Tahoe Park, Sacramento, California

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Tahoe Park
Neighborhood of Sacramento
The 59th & T Street gateway to Tahoe Park
The 59th & T Street gateway to Tahoe Park
Tahoe Park is located in Sacramento, California
Tahoe Park
Tahoe Park
Location within Sacramento
Coordinates: 38°32′37″N 121°26′07″W / 38.543611°N 121.435278°W / 38.543611; -121.435278
Country United States
State California
County Sacramento
City Sacramento
Zip Codes 95817 and 95820

Tahoe Park is a neighborhood located within the city of Sacramento, California.

The name "Tahoe Park" is generally used to refer to several official and unofficial neighborhoods that surround Tahoe Park proper, including Tahoe Park East, Tahoe Park South, Tahoe Terrace, and West Tahoe Park.

Geography[edit]

Location[edit]

The neighborhood of Tahoe Park is centrally located in Sacramento, immediately south of U.S. Route 50 at 59th Street.

The area is less than 1-mile (1.6 km) southwest of California State University, Sacramento, less than 1-mile (1.6 km) east of the UC Davis Medical Center and approximately 4 miles (6.4 km) southeast of downtown Sacramento.

Areas[edit]

Tahoe Park[edit]

Map of Tahoe Park neighborhoods relative to the city of Sacramento and notable landmarks

Tahoe Park is an officially recognized neighborhood in Area 3 of the City of Sacramento. It is bordered by Highway 50 and Broadway to the north, 14th Avenue to the south, 53rd and 57th Streets to the west, and 65th Street to the east.[1]

The section of Tahoe Park that is north of Broadway is informally referred to as "Tahoe Terrace"; the name has its origins in a subdivision established in 1945.[2]

Tahoe Park East[edit]

Tahoe Park East is an officially recognized neighborhood in Area 3 of the City of Sacramento. It is bordered by 65th Street to the west, Highway 50 and the Tahoe Tallac Little League Park to the north, Business Drive to the east, and 14th Avenue to the south.[1]

Tahoe Park South[edit]

Tahoe Park South is an officially recognized neighborhood in Area 3 of the City of Sacramento. It is bordered by 14th Avenue to the north, 21st Avenue to the south, 58th Street to the west, and the 65th Street Expressway to the east.[1]

Many long-time residents refer to Tahoe Park South as "Tallac Village"[citation needed]—most likely due to the presence of the Tallac Village Shopping Center on its northern boundary. However, Tallac Village is an officially recognized neighborhood immediately south of Tahoe Park South, between 21st Avenue and Fruitridge Road.[1][3]

West Tahoe Park[edit]

West Tahoe Park is an officially recognized neighborhood in Area 3 of the City of Sacramento. It is bordered by Broadway to the north, 14th Avenue to the south, Stockton Boulevard to the west and 53rd Street to the east.[1]

Prior to 2005, the area west of 53rd Street was officially recognized as a part of the neighborhood of Tahoe Park proper. However, the term "West Tahoe Park" was commonly used to describe the area which, at that time, was in Sacramento's 5th district. In approximately 2005, the West Tahoe Park neighborhood was officially recognized as a separate neighborhood by the city of Sacramento. During redistricting that occurred in 2011, West Tahoe Park joined the rest of the Tahoe Park neighborhoods in District 6. By and large, this area of the Tahoe Park neighborhood is located closest to the UC Davis Medical Center.[citation needed]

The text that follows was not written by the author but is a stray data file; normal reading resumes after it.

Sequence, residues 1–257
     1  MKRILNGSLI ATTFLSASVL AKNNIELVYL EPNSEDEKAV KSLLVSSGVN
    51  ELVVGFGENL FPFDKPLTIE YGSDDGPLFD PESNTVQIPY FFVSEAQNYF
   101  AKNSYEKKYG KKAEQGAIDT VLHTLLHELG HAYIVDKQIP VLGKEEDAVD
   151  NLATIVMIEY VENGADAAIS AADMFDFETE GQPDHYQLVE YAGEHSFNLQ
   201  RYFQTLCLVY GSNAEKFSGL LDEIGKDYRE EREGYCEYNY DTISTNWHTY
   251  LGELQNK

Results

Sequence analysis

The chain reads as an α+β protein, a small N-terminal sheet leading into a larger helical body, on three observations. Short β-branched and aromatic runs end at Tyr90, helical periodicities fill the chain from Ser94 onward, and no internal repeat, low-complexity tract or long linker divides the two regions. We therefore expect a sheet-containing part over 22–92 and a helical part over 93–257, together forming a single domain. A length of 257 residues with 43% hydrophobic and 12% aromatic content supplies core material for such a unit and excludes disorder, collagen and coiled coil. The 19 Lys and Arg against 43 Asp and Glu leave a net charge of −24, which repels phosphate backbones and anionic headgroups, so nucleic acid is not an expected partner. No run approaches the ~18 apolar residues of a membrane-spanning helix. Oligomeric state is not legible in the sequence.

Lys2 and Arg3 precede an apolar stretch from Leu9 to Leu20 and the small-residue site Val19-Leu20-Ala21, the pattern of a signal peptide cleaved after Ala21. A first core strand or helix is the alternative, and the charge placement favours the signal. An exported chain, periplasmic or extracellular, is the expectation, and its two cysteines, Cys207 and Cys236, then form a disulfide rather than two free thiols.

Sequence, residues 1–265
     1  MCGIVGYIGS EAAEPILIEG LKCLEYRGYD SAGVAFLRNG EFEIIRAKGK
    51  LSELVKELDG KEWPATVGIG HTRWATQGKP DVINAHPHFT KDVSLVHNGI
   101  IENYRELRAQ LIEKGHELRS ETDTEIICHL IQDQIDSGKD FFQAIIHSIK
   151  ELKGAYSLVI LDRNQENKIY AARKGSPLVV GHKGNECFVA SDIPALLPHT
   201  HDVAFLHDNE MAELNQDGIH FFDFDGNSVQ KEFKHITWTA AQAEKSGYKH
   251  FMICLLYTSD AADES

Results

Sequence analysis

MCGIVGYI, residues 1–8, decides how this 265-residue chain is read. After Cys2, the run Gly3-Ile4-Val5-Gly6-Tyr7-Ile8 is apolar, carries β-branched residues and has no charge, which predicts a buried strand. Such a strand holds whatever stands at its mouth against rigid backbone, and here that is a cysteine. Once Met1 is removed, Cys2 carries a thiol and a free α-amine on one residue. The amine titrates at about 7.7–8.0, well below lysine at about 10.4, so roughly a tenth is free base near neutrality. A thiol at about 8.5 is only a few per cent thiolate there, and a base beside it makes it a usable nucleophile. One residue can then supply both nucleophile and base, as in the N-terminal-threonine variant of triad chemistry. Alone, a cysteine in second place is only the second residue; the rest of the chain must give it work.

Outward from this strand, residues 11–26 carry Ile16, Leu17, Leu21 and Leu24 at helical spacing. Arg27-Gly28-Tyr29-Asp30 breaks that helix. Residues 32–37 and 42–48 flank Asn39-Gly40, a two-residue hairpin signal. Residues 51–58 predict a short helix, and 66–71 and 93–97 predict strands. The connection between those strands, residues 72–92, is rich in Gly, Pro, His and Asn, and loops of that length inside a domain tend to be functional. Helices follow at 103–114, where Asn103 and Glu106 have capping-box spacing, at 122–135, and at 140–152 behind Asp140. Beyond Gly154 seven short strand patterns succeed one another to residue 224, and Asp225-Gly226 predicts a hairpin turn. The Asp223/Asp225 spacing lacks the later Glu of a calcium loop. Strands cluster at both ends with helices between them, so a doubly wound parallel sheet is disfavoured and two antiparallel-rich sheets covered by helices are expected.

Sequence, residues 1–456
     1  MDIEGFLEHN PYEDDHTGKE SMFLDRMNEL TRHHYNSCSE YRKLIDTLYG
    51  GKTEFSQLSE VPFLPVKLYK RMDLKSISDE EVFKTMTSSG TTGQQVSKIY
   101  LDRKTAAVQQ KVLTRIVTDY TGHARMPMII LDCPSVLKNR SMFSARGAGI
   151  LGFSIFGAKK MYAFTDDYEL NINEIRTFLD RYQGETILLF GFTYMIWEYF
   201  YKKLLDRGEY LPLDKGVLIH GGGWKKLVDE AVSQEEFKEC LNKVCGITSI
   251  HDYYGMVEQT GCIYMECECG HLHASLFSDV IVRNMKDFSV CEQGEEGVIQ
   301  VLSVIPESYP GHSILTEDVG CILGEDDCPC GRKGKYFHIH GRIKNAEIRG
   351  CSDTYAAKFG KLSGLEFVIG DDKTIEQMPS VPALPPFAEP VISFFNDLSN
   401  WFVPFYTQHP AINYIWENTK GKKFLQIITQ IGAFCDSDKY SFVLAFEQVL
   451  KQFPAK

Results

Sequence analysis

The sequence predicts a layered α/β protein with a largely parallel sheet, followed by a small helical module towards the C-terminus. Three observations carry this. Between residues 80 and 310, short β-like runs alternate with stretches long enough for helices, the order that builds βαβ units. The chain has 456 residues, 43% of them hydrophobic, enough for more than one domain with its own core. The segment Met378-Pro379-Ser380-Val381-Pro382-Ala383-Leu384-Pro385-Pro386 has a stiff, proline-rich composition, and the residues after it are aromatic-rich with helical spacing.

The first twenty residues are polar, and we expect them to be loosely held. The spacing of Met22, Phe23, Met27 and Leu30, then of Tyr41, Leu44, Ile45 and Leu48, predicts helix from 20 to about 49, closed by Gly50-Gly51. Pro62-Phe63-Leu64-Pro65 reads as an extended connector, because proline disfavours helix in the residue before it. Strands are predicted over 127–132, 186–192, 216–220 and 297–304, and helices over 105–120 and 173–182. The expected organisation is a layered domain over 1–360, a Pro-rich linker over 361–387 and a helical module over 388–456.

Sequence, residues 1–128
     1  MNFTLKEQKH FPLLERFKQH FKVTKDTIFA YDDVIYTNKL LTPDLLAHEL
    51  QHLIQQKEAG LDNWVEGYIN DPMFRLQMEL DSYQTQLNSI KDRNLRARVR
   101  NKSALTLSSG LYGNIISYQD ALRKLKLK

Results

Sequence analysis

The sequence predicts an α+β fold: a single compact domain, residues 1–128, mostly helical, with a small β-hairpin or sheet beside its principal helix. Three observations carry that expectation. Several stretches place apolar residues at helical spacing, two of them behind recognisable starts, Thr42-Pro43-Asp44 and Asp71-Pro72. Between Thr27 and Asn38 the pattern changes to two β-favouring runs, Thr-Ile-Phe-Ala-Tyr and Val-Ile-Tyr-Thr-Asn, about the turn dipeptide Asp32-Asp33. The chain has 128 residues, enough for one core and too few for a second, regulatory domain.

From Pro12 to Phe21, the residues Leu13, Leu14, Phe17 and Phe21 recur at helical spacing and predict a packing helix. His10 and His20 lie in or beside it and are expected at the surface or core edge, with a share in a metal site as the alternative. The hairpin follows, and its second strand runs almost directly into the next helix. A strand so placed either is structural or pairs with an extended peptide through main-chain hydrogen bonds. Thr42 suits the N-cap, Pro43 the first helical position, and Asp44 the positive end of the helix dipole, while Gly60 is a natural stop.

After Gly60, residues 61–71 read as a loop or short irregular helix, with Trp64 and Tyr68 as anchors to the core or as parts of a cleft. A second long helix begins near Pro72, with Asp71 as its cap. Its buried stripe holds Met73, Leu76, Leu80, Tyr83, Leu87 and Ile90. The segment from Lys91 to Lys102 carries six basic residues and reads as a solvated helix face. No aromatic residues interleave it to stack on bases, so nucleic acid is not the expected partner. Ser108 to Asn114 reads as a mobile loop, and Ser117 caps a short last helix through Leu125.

Tahoe Terrace[edit]

Tahoe Terrace is a name used to refer to the section of Tahoe Park north of Broadway. The name comes from the 1945-era subdivision established north of Broadway, between 61st and 63rd Streets.[2]

Tahoe Terrace was a part of Sacramento's old "Area 1" that included the nearby neighborhoods of East Sacramento and Elmhurst. Tahoe Terrace can also be distinguished from the rest of Tahoe Park by its postal code, 95817; all other areas of Tahoe Park proper are located within the 95820 postal code.[citation needed]

Parks[edit]

Tahoe Park[edit]

Tahoe Park

The area is named for the park in the heart of the neighborhood. Tahoe Park is a 19-acre (77,000 m2) recreational facility located in the Tahoe Park neighborhood of Sacramento, California. The park is largely contained between 8th Avenue to the north, 11th Avenue to the south, 59th Street to the west, and 61st Street to the east.[1]

The park contains many popular amenities, including a swimming pool, a wading pool, playgrounds for children and toddlers, several barbecue facilities, and playing fields for softball, soccer, basketball, volleyball, and horseshoes.[4]

The park has received many updates in the 1990s and 2000s, including street lights, a jogging trail, upgraded picnic areas, and fitness stations.[citation needed]

Mae Fong Park[edit]

Mae Fong Park is a 3.25-acre (13,200 m2) park in the Tahoe Park East neighborhood. It was officially opened in October 2010 using the temporary/working name of "Redding Avenue Park", but an effort to rename it began almost immediately, as Mae Lillian Fong, a longtime businesswoman and community leader who co-founded and operated a printing company on a nearby parcel, had recently passed away.[5] The City of Sacramento officially named the park after her in August 2011.[6]

History[edit]

Early years[edit]

In the early 1900s, the area southeast of the old California State Fairgrounds (now the UC Davis Medical Center campus) was sparsely populated farmland; most residential neighborhoods were west of Upper Stockton Road (now Stockton Boulevard).[citation needed]

In 1911, Sacramento made its first annexation. Tripling in size from its original grid area, the city expanded its city limits southward to Sutterville Road and 14th Avenue, and eastward to Elvas Avenue and 65th Street. This placed the area now known as Tahoe Park (proper) at the city's far southeastern corner.[7][8]

In 1931, to serve the needs of the residents, a four-room elementary school was built at 5932 5th Avenue; it was named "Tahoe School". Seven years later, in 1938, the school address was modified to reflect the change of the street's name to "Broadway". Records from 1939 identify new tract homes under construction near the intersection of 55th Street and 8th Avenue.[9]

Post-World War II Growth[edit]